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Posted (edited)

I have got some Ruby chocolate (callets from Callebaut, obviously) and moulded some sample bars for my friends. One person didn't like it at all (spat it out, to be truthful), one person said it tasted like white chocolate with added fruits but majority was happy with its taste and colour. Personally, I like it, it is very fruity but it is not "chocolatey enough" if that makes sense. Sorry the picture is not the best.

Ruby 002.JPG


Edited by EllaCh (log)
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I read on wiki that there's an idea floating out there that the ruby color is coming from not fermenting the cocoa beans 

 

..and that the fermenting stage is primarily responsible for the chocolate flavor that comes out after roasting 

 

strange that the producer won't tell us how it's made ruby - like I wonder about the quality of the beans (criollo etc.) 

 

it seems like it would save the processor money to skip the fermenting stage (which takes time but gives flavor) 

 

guys could just be getting tricked into paying for a low-quality product but if the taste checks out then...I guess it's ok etc. 


"Hmmm....what would Don Quixote do?" 

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1 minute ago, eugenep said:

I read on wiki that there's an idea floating out there that the ruby color is coming from not fermenting the cocoa beans 

 

..and that the fermenting stage is primarily responsible for the chocolate flavor that comes out after roasting 

 

strange that the producer won't tell us how it's made ruby - like I wonder about the quality of the beans (criollo etc.)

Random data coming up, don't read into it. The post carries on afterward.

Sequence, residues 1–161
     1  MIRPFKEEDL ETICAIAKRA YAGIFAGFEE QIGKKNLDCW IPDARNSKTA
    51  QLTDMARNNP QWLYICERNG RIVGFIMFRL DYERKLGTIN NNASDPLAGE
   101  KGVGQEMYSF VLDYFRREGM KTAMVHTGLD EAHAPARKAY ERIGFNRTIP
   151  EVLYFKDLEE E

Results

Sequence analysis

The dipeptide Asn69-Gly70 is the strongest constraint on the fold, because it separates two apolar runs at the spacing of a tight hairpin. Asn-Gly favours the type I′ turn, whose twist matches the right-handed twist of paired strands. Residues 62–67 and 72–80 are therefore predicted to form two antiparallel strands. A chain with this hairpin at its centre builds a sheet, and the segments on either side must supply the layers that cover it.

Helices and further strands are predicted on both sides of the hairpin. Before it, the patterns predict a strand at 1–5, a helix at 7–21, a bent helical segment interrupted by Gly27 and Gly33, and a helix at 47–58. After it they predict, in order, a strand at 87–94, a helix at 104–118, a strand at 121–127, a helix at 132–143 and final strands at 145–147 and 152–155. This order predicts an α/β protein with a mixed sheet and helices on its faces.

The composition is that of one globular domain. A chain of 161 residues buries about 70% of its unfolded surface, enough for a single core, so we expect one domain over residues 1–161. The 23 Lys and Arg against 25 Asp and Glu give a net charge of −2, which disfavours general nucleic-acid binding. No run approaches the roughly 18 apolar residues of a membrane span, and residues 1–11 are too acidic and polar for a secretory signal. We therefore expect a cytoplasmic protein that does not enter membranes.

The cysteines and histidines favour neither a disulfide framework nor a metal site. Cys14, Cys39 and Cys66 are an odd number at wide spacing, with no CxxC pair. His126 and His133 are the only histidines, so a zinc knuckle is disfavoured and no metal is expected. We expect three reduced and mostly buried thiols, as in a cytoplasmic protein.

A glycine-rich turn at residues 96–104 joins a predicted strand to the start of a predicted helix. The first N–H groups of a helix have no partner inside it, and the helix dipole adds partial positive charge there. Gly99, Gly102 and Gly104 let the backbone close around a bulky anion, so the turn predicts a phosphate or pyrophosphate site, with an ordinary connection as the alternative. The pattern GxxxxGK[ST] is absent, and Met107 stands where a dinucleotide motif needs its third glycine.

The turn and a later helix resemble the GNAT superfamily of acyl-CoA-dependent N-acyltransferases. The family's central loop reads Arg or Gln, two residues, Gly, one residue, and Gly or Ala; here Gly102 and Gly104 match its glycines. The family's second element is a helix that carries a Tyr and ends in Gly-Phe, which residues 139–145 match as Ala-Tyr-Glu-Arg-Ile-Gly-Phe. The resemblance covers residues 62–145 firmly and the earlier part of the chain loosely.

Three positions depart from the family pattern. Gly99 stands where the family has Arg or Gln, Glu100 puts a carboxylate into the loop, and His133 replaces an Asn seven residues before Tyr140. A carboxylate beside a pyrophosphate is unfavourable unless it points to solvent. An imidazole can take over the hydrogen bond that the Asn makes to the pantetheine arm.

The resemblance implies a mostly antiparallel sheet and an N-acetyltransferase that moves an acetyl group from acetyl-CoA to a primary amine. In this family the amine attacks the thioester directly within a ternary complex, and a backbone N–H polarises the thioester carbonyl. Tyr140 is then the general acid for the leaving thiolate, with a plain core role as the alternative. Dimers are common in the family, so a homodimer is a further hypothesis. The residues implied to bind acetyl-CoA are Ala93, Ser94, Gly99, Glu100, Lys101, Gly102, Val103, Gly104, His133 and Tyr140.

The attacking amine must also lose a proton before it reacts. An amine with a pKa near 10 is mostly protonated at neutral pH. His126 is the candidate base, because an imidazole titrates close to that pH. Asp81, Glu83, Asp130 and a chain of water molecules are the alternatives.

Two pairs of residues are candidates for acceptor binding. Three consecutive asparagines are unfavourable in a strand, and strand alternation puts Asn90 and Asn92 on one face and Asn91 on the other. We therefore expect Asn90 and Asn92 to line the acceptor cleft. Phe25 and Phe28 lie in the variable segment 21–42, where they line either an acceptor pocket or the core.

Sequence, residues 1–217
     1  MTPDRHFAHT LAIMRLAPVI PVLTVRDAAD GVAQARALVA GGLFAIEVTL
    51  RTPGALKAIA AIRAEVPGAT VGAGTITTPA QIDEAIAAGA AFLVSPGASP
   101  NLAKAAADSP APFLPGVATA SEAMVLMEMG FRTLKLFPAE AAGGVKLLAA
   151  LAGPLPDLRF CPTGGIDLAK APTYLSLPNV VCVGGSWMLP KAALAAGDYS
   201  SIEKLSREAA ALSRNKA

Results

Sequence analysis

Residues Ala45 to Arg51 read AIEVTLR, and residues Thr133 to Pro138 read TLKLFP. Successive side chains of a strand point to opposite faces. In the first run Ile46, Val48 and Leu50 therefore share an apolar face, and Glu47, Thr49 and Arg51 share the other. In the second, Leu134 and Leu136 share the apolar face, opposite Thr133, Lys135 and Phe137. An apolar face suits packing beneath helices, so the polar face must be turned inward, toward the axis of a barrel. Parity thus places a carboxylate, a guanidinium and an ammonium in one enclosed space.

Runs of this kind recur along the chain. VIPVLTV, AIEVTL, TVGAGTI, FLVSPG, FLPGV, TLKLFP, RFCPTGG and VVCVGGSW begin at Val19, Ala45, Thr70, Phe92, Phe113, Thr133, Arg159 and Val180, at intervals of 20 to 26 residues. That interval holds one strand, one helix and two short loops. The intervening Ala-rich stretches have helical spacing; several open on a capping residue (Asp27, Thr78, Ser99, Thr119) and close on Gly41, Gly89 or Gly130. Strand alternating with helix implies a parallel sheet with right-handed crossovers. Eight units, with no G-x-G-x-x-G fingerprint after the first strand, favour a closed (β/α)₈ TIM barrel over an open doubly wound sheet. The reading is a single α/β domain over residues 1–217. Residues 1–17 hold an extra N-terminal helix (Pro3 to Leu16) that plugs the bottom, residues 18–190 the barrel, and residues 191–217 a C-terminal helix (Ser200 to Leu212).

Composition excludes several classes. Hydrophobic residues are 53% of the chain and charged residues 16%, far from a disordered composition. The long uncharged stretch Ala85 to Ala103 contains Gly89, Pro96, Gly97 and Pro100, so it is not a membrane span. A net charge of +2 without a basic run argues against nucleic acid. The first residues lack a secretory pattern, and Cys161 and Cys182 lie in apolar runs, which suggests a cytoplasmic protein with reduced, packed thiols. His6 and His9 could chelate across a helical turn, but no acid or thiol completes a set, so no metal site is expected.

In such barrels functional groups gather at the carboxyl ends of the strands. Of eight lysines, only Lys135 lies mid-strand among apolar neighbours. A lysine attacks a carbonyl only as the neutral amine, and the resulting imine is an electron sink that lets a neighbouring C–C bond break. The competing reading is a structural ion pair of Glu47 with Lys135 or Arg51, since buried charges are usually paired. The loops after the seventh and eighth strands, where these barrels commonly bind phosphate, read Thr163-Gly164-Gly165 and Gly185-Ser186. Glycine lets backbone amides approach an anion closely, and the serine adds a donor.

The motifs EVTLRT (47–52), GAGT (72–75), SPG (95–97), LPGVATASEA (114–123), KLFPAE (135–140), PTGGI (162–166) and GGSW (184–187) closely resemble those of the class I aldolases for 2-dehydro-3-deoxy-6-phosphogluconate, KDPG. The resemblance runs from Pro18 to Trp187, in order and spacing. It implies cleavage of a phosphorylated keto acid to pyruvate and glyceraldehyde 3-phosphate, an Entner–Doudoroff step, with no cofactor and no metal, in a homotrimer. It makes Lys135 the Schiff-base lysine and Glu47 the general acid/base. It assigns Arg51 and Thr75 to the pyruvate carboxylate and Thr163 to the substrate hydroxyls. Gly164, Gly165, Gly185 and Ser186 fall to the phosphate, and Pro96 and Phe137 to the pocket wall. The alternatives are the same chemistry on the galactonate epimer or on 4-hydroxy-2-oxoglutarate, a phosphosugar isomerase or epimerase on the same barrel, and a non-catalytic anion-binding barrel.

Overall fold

it seems like it would save the processor money to skip the fermenting stage (which takes time but gives flavor) 

 

guys could just be getting tricked into paying for a low-quality product but if the taste checks out then...I guess it's ok etc. 

It's a patent that Callebaut had that was going to run out apparently. Beans/nibs high in polyphenols (which are already quite purple) are acidified and they become more red/purple. They are not fermented or roasted - just heated sufficiently to reduce the microbiological burden. The patent was originally based on low quality beans.

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3 hours ago, Kerry Beal said:

It's a patent that Callebaut had that was going to run out apparently. Beans/nibs high in polyphenols (which are already quite purple) are acidified and they become more red/purple. They are not fermented or roasted - just heated sufficiently to reduce the microbiological burden. The patent was originally based on low quality beans.

Thanks for the info Kerry. That was very lucidly explained. 

 

I guess the rumors were true and that the color comes from not fermenting (and not roasting it now turns out). 

 

I do wonder about the quality of the beans - since it seems to make sense from a business/pragmatic point that higher quality beans seem to be wasted if not fermented and roasted to bring out the chocolate-ly flavor 

 

..and would it make sense to use cheap beans to make the ruby chocolate since the chocolate flavor from fermenting/roasting would never be brought out anyway??? 

 

just my random speculation